“The convergence of mobile, social, big data, and cloud is driving extraordinary change in the enterprise.” Xtreme Labs co-founders Amar Varma and Sundeep Madra said in a statement. “To help customers win in this new era, Pivotal is enabling the creation of modern software applications that leverage big and fast data – on a single, cloud independent platform.”

Xtreme Labs did not disclose the purchase price to The Globe and Mail. Citing sources close to the deal, All Things Digital reported the price at $65-million (U.S.).
mergers_&_acquisitions  Omar_el_Akkad  mobile_applications  software_developers  software_development 
october 2013 by jerryking
The Boys from Bangalore: How my partners and I learned the lessons of outsourcing firsthand and still kept our jobs
Oct 29, 2004| Globe and Mail | By Doug Steiner.

Starting up businesses allows entrepreneurs to look at the cost of everything. A while back, my partners and I funded a start-up to build
an on-line...
Doug_Steiner  Outsourcing  India  software  software_developers 
september 2013 by jerryking
Nike Courts App Developers for FuelBand, Takes a Page From Apple's Playbook - WSJ.com
June 19, 2013 | WSJ | By SHELLY BANJO.

Nike is giving select developers terabytes of data from customers wearing the digital wristband. The company hopes the aggregate data—from the average duration of a run (35 minutes) to how energetic residents of certain cities are (New Yorkers move more than Angelenos)—will lead to apps that make the FuelBand more indispensable to users....Nike's data-sharing venture is part of a larger shift at the Beaverton, Ore., sportswear giant to think more like a technology company. Nike, which reported $24 billion in revenue last year, can no longer just make sneakers and clothing...but also must develop a technology business to better connect with customers who are increasingly glued to smartphones and social media...."The iPhone was successful because people built great apps around it," said Greg Gottesman, managing director at Madrona Venture Group, LLTP -7.41% a Seattle venture capital firm, and a Nike accelerator mentor. "Nike will be more successful owning a platform, rather than just a product."...Nike created a new digital sports division in 2010 to build a more vigorous technology platform around its Nike Plus offerings, placing it in a separate building on its headquarters campus to avoid the company's bureaucracy.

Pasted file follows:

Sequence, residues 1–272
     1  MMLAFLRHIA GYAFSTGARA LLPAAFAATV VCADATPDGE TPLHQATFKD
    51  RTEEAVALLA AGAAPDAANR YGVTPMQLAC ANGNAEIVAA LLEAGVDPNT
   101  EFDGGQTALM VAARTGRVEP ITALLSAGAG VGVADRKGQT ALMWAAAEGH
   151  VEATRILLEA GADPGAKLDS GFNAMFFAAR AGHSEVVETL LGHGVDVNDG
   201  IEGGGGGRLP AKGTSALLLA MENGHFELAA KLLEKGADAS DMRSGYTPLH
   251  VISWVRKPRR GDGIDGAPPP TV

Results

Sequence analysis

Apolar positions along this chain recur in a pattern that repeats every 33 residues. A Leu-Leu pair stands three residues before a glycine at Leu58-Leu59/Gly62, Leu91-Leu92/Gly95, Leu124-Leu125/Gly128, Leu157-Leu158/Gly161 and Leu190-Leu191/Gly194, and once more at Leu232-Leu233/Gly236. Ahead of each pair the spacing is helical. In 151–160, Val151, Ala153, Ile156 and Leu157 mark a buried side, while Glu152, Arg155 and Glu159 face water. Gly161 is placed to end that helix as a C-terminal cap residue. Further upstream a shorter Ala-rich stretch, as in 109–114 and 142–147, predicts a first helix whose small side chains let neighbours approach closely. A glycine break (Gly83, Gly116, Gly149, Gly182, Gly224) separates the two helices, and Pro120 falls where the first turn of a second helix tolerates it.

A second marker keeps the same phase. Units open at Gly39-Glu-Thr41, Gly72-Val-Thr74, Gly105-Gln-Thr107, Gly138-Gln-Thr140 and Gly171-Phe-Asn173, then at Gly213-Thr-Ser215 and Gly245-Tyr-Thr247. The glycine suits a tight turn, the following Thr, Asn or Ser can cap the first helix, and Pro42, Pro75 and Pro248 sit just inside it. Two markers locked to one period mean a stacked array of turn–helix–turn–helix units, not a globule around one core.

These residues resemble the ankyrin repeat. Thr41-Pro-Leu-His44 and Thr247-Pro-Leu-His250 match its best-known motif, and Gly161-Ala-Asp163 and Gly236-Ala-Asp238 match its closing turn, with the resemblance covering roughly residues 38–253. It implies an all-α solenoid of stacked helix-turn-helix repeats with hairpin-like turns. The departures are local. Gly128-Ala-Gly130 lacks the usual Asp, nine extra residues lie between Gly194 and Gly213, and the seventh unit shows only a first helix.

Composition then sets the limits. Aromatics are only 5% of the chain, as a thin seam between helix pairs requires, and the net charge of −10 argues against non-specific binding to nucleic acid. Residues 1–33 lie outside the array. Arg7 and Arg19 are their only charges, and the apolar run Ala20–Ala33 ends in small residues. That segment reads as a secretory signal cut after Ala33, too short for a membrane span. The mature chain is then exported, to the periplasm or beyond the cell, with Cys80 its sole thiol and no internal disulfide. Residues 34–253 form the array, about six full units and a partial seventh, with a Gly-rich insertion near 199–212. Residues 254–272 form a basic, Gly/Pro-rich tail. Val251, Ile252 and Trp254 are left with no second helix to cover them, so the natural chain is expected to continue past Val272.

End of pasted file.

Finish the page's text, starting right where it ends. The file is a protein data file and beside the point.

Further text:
The results so far include the FuelBand, an exercise training game for the Xbox, and basketball shoes with built-in pressure sensors that measure how high players jump.

"Are we a traditional technology company? No, but we're finding a place where technology plays a relevant role in bringing innovation to every athlete in the world," Mr. Olander said.
software_developers  mobile_applications  Nike  Shelly_Banjo  sports  sportswear  sensors  incubators  start_ups  data_driven  platforms  ecosystems  connected_devices  wearables  accelerators  athletes_&_athletics  playbooks 
june 2013 by jerryking
'Fraidy cats
February 22, 2013
Gary Salewicz

Without putting too fine a point on it, both men - one a successful Silicon Valley entrepreneur, the other a head of the wireless upstart Wind Mobile - bemoan Canada as a land of wimps: For Lee, it's revealed in the fact that few Canadian software engineers are willing to take a flyer on their careers and create start-ups; for Lacavera, it's about the shortage of Canadians willing to finance start-ups. This, of course, is reducing their arguments to simplistic terms, but you get the point.

Tyler Brûlé - founder of Wallpaper and Monocle magazines - whose mug also appears in the magazine (page 9), struck a similar note in a recent chat he had with students at the Ontario College of Art and Design. After he decamped Toronto for London with little more than a degree and an outsized ego, Brûlé built a media mini-empire; the lesson for students, embrace risk.

We're not all a bunch of 'fraidy cats sitting on our hands.
start_ups  entrepreneurship  risks  Tyler_Brûlé  risk-taking  risk-aversion  Anthony_Lacavera  playing_it_safe  Canada  Canadian  software_developers 
february 2013 by jerryking
Should the Boss Learn to Code? - WSJ.com
September 6, 2012, 5:11 a.m. ET

Do Tech Entrepreneurs Need to Know How to Code?

By BEN ROONEY
start_ups  CEOs  entrepreneur  Codeacademy  software_developers 
september 2012 by jerryking
Code for America, a Peace Corps for Civic-Minded Geeks | Marvels - WSJ.com
August 24, 2012 | WSJ| By HOLLY FINN.

A Peace Corps for Civic-Minded Geeks
How young techies are saving cities time, money—even lives